By Neil Fry
October 4 2011
You may be wondering how we got into the current state that sees our team unable to win away and ship goals like water. Teams no longer fear the Arsenal, and its beginning to show. This is the worst start in 33 years, but this state of affairs didnt come about by itself, it had to be managed. A fish rots from the head, not the tail.Neil Fry wrote this article in mid August, so its no knee jerk reaction to defeat at the lane, in fact its a sober and realistic appraisal of how we got to where we are today, 15th from the top.
The most significant cause of Arsenal’s failure to win any trophy for the last six seasons appears to have been the major change in Monsieur Wenger’s previously highly successful player recruitment policy – exacerbated by inexperience and an un-remedied lack of key competences in defensive players recruited and defensive coaching. The policy was not necessarily inherently flawed and a small number of timely additions of carefully selected defensive players should have remedied the problems and may have led to the desired success. There have also been some disastrous unintended consequences from trophy prioritisation. The implementation of club’s self-sustainability financial strategy has appeared incoherent and there have been inconsistencies and missed opportunities.
The club appears to have been very slow to adapt to developments elsewhere on and off the pitch and Monsieur Wenger appears to have become increasingly resistant to changing his policies accordingly. The most serious deficiencies found were in monitoring and reviewing progress where there has been a repeated failure to take, and prioritise, remedial action over obvious failings.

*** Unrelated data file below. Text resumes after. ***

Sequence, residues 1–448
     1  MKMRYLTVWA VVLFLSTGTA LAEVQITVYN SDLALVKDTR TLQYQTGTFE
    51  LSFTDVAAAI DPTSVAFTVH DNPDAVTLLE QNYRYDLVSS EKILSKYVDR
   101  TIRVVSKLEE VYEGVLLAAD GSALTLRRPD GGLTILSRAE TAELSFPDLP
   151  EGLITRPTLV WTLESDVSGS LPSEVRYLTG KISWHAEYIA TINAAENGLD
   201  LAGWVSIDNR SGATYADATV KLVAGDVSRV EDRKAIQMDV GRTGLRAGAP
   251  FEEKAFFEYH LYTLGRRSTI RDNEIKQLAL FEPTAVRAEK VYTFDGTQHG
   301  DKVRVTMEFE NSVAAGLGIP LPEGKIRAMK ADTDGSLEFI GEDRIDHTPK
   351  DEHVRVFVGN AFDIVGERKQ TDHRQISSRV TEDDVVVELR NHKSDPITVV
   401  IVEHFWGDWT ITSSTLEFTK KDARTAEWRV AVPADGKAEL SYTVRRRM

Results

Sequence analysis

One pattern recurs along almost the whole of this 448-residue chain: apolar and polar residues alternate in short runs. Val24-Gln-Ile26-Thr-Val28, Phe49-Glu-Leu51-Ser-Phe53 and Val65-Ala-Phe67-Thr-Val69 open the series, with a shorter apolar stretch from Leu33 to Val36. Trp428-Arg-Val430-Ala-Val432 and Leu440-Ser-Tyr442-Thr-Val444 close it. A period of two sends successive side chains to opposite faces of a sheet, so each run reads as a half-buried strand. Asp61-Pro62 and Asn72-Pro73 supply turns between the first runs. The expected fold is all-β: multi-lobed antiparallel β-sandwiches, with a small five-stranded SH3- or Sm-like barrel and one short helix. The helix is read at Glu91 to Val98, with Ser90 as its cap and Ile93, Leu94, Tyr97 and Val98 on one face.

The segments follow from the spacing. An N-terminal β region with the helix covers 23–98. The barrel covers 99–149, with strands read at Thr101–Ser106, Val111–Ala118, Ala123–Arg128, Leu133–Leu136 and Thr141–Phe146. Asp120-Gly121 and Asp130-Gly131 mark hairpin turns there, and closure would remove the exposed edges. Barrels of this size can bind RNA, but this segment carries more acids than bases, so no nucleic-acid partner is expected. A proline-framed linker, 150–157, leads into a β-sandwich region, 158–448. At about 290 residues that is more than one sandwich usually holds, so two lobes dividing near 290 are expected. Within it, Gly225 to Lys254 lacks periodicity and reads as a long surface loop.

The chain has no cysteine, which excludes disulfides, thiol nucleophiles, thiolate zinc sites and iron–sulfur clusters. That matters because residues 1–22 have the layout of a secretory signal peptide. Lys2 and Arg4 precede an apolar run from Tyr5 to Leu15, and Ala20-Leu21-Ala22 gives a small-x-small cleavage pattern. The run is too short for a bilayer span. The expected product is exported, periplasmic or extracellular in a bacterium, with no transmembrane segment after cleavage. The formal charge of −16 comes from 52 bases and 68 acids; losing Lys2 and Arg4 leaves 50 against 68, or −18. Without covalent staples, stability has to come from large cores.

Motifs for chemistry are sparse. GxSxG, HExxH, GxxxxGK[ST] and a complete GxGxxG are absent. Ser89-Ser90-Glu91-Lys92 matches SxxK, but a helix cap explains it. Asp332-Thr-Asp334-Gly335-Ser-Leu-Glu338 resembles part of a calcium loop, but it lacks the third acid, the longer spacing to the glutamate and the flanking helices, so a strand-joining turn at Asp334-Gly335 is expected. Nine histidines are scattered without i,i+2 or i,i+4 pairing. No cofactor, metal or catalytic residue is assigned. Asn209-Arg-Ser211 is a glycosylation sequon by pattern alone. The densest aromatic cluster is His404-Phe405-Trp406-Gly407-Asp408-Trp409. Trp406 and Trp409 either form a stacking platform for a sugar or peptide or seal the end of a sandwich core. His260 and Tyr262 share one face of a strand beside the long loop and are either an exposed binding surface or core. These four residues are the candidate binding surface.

There has been a very significant change with club recently falling under foreign ownership; however, the self-sustainability model remains very much in evidence and the impact of foreign ownership as yet to be detected. Director leadership remains largely invisible. Performance standards have not been made clear and an inordinate level of faith in Monsieur Wenger appears to remain - regardless of on the pitch outcomes. Monsieur Wenger does not appear to have been subjected to any accountability over failing to achieve substantive success during his second seven year period. The immediate future appears to represent a hazardous period for the Club. The difficulties are compounded by high risk August fixtures, and the likely departure of two star players to try and realise their personal ambitions of success.